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Governor Gordon Forges Partnership to Study Wyoming’s Carbon Capture Potential

“This is an all hands-on-deck effort,” Governor Gordon added. “The coal industry, utility companies, the Legislature, the University of Wyoming, county commissioners and my office will continue to find ways to keep Wyoming a major supplier of energy.   We must find workable solutions to reduce CO2 and keep coal as part of an “all of the above” energy strategy.”

CHEYENNE, Wyo. – Governor Mark Gordon announced a joint effort between his administration, the University of Wyoming (UW) School of Energy Resources (SER), the U.S. Department of Energy (DOE), and Rocky Mountain Power to conduct a study examining carbon capture, utilization, and storage (CCUS) technology opportunities in the region.  The study will center on two coal-fueled electrical generation plants in Wyoming: the Naughton plant located in Kemmerer and the Dave Johnston plant near Glenrock.

Rocky Mountain Power will supply plant-specific technical and economic data to the study.  In consultation with Rocky Mountain Power, technical experts at the University of Wyoming, DOE, and their support contractors will evaluate the feasibility of carbon dioxide (CO2) capture at the two plants and opportunities to beneficially use or store the captured CO2, including the associated economics.

“Wyoming is serious about using carbon capture technologies to keep our vital coal plants contributing to the economy into the future,” Governor Mark Gordon said. “Coal can be part of the solution. By removing CO2and finding uses for it, we can make coal-fired power part of a low-carbon economy, and carbon capture and sequestration technologies are ideal for many of our plants.”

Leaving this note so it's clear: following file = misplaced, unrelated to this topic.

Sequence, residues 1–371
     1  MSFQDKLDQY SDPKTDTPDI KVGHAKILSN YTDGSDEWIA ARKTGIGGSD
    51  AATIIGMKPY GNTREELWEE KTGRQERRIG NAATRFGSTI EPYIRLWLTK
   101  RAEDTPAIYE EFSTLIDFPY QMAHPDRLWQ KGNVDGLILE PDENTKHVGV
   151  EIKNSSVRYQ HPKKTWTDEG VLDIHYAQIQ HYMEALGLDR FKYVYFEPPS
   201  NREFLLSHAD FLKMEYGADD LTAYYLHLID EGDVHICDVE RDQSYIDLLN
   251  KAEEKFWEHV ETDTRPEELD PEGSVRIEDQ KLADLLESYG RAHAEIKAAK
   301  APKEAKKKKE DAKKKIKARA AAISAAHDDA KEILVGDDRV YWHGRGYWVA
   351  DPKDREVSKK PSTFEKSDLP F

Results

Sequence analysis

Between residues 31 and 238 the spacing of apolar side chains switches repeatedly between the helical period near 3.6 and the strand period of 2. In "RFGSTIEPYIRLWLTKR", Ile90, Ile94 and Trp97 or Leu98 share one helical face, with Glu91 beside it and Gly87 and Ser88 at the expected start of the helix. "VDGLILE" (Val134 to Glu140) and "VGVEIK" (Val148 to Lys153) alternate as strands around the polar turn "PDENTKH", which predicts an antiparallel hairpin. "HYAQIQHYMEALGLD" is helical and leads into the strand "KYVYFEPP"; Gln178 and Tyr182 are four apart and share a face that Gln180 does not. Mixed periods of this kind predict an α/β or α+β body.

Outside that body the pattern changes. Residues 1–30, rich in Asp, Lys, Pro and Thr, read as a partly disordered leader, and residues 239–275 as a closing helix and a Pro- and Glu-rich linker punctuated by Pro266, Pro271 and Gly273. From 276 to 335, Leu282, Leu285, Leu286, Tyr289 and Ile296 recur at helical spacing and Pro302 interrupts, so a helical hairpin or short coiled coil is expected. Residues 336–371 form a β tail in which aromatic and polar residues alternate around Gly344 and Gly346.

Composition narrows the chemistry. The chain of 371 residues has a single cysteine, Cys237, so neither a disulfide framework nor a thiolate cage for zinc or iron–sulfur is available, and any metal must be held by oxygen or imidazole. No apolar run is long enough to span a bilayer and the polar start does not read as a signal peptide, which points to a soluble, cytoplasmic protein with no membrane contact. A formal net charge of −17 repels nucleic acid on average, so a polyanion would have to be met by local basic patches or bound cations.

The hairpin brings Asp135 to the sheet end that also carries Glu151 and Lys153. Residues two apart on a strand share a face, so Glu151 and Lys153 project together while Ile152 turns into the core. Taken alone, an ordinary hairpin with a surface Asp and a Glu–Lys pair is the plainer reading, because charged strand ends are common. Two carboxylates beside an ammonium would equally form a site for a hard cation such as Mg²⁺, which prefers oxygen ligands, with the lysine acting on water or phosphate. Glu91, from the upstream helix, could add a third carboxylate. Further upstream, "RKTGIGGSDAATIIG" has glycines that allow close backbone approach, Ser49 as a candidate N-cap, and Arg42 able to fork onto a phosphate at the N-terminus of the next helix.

The study of these two power plants is just one part of the Gordon administration’s efforts to encourage CO2capture at our coal plants.  Wyoming’s Integrated Test Center, which has the capability to conduct performance tests of carbon capture technologies, is up and running at the Dry Fork power plant near Gillette. Further, UW’s School of Energy Resources has opened a request for proposals to conduct additional studies in Wyoming.

“This is an all hands-on-deck effort,” Governor Gordon added. “The coal industry, utility companies, the Legislature, the University of Wyoming, county commissioners and my office will continue to find ways to keep Wyoming a major supplier of energy.   We must find workable solutions to reduce CO2 and keep coal as part of an “all of the above” energy strategy.”

The scoping phase of the study has begun.  The Enhanced Oil Recovery Institute and DOE support contractor, Leonardo Technologies Inc. will support the principal partners in the study effort.

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